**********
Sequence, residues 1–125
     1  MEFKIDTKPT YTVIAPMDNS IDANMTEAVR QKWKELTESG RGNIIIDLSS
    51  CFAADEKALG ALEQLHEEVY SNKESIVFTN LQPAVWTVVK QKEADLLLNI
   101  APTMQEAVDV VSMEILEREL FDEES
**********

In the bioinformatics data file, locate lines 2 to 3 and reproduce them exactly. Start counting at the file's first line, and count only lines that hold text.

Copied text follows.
     1  MEFKIDTKPT YTVIAPMDNS IDANMTEAVR QKWKELTESG RGNIIIDLSS
    51  CFAADEKALG ALEQLHEEVY SNKESIVFTN LQPAVWTVVK QKEADLLLNI